Umbrella Academy Season 3 Review — New Reality, Same Dysfunctional Family

Netflix’s quirky superhero franchise, The Umbrella Academy, is entering its third season, where it is primed to introduce another team of heroes, the resurrection of a long-dead character, and yet another universe-ending, time-traveling catastrophe. Following the events of Season 2, the Umbrellas have found themselves back in the modern day, but their home has been taken over by an alternate version of them–the Sparrow Academy–brought into existence by a paradox created by their father, Reginald. To make things worse, the paradox that replaced them is very rapidly spinning out of control, threatening the universe in a series of escalating disappearances that will eventually consume reality itself.

Put plainly, Umbrella Academy Season 3 has a lot going on–and while the higher concept sci-fi conceits are certainly par for the course in the show, there’s more of them overlapping than ever before, and there are more characters in play to keep track of this time around, making this season feel bigger and busier than ever. Unfortunately, this new size and scale also means that Season 3 has a few too many ideas, and no real way to pay them all off.

On the positive side, Umbrella Academy’s secret to success has always been its cast–and every major player has returned. The Hargreeves family, Luthor (Tom Hopper), Diego (David CastaƱeda), Viktor (Elliot Page), Five (Aidan Gallagher), Klaus (Robert Sheehan), Ben (Justin H. Min), and Allison (Emmy Raver-Lampman) are all back, alongside Season 2 newcomer Lila (Ritu Arya) and their adoptive father, Reginald (Colm Feore). The dysfunctional family dynamic has served Umbrella Academy in the past, and it continues to do so now–unsurprisingly, the chemistry between the cast has only gotten stronger and the performances have only gotten better. Alongside the Hargreeves troupe are the newly introduced Sparrows, a brand new crew of superheroes with bizarre powers. Ben, interestingly enough, is one of them, following his recent resurrection (long story) giving Min a chance to shake up the audience’s expectations for his character, who until now, has been a very put-upon ghost only Klaus can see.

The Sparrows themselves are all immediately interesting, but the vast majority of them are wildly underserved by the story. Only Ben, the crow-manifesting Fei (Britne Oldford), the gravity-manipulating Sloane (Genesis Rodriguez), and a fully CGI cube who speaks in wingdings named Christopher get any real screen time–and of this group, only Ben and Sloane carry any real narrative weight. The Sparrows are the first and most obvious casualty of Umbrella Academy’s overwrought ambition this season, which is really a shame, considering how engaging and funny they are from the jump.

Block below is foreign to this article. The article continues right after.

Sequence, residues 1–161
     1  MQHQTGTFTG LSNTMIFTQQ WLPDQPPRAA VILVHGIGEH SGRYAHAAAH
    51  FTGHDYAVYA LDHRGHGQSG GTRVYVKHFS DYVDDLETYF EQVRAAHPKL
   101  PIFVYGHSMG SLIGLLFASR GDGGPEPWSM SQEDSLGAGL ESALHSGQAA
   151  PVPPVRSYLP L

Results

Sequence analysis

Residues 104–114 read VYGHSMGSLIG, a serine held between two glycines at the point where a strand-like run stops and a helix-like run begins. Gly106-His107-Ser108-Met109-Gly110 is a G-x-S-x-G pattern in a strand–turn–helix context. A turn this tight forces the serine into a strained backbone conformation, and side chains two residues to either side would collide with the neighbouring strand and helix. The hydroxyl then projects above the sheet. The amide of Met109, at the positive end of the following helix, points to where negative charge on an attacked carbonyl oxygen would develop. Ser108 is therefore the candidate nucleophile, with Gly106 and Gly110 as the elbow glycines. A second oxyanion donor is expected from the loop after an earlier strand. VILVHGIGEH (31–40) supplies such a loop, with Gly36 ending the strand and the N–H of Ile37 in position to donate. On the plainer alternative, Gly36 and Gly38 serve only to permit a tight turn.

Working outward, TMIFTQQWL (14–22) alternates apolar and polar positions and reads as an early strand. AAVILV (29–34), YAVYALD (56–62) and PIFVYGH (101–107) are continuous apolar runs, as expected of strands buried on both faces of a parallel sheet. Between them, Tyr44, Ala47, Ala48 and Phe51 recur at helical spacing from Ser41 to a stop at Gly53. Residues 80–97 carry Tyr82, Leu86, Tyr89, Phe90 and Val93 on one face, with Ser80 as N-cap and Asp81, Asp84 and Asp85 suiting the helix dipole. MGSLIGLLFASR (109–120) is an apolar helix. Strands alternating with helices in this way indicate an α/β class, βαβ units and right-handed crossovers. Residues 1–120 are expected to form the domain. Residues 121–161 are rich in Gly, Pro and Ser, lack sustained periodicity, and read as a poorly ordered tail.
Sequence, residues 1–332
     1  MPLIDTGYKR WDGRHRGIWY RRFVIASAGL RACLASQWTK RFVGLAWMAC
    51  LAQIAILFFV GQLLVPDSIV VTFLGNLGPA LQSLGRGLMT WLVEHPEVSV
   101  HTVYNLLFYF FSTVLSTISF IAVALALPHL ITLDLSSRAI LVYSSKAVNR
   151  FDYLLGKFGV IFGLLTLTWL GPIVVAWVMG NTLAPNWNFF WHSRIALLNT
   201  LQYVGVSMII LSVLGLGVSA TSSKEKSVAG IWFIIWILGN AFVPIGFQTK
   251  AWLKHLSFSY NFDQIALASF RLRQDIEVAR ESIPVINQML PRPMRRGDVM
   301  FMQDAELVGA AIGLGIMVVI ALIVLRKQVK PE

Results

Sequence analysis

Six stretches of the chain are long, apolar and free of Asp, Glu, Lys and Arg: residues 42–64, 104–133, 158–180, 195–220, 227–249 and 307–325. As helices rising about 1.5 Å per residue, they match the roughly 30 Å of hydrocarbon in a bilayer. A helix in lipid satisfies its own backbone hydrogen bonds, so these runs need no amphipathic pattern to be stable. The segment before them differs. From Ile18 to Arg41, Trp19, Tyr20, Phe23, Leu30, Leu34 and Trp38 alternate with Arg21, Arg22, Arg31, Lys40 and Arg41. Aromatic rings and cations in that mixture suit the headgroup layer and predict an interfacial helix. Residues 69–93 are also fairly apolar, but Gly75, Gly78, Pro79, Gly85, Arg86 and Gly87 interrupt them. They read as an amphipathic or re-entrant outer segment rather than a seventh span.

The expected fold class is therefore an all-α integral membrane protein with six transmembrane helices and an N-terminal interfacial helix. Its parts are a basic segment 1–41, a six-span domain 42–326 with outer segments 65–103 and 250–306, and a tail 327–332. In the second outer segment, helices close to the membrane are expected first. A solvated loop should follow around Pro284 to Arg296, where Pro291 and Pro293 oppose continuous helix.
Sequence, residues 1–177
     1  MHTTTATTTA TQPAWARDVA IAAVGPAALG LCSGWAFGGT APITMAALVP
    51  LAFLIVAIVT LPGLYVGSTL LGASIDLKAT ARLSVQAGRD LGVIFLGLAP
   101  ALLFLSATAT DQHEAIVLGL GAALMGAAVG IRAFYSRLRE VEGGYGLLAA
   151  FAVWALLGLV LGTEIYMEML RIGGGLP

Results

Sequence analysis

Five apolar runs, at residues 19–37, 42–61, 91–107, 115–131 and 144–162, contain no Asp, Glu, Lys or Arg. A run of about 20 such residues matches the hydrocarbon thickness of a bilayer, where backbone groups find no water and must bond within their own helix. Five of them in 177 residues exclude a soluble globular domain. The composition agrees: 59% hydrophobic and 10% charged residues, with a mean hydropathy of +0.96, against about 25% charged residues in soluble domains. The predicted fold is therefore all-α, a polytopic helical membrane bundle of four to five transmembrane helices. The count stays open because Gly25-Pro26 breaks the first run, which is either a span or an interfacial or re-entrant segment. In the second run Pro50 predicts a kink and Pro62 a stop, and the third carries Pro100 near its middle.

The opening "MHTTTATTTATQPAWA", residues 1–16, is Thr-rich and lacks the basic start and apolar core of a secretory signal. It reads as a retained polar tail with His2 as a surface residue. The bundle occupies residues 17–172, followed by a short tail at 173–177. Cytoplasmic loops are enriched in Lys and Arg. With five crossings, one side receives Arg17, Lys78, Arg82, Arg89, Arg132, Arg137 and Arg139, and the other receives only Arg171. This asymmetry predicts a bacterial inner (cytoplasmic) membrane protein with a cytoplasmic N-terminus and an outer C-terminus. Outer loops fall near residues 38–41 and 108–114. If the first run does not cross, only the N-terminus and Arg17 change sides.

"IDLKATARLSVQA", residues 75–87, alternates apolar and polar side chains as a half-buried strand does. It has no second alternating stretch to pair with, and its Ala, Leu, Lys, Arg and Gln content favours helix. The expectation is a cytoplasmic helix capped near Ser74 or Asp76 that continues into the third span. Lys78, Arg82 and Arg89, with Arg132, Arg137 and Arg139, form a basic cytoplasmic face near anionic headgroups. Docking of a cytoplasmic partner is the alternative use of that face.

But even benching the newly introduced characters almost as fast as they’re put on screen doesn’t really serve to help the overcrowding of the season. It’s not that Umbrella Academy has ever been restrained by any means, but in Season 3, there is a decidedly disjointed feeling between each of the subplots and sidequests. Allison wants to figure out a way to get back to a timeline where she had a family, Luthor wants to find love, Diego is trying to figure out how to navigate a relationship with a boy Lila claims is his son, Five wants to retire, Klaus wants to find his birth parents, and Viktor is dealing with some uncomfortable truths about his own past as a familiar face comes back to haunt him.

The family drama is, as always, a major element here–and some of it does work well. There’s a refreshing level of honesty in the fights and arguments the Hargreeves siblings have, and it’s nice to see a superhero show attempt to acknowledge that the trauma of the heroes’ experiences isn’t actually fixed by saving the day. However, about midway through Season 3’s 10-episode run, the conflicts between the characters begin to slide from honest and relatable to frustrating and flat out cruel. By the end of Season 3, it’s very difficult to find anyone in the ensemble to really root for–they’re either too bogged down in their own grief and anger to be anything but spiteful and mean or too doped up on selfish hope that they’re unable to see past their own self interest. No one seems interested in actually learning any of the lessons that have been covered in the last two seasons, and instead are only able to carry the scars they’ve collected.

Things get even more complicated when plot device after plot device is dropped on their heads, bogging down the potential for growth and change with the urgency of the impending apocalypse. It becomes increasingly difficult to remember who is mad at whom and why, who is undermining and who is being undermined, who is lying and who is being lied too. Concepts and ideas are brought up and then never paid off–at one point, the Sparrow’s version of their robot “Mom,” Grace, who was last seen in Season 1 has a whole riff about apocalyptic religion that almost (but never really) becomes a comment on evangelicalism, for example. There’s another running side plot with Diego and his possible son that tee’s up another story, but leaves the maybe-son jettisoned and forgotten altogether.

This lack of follow through and focus leaves Season 3 feeling frantic and unpolished more often than not. The areas of the season that work–like the surprisingly heartfelt and funny acknowledgements of Viktor’s transition, the playful self awareness and genre tropes, or the handful of charmingly quirky fight scenes and dance battles fans have come to expect–are all still lovable and worthwhile, but the finished product is not as strong as the seasons that have come before it.

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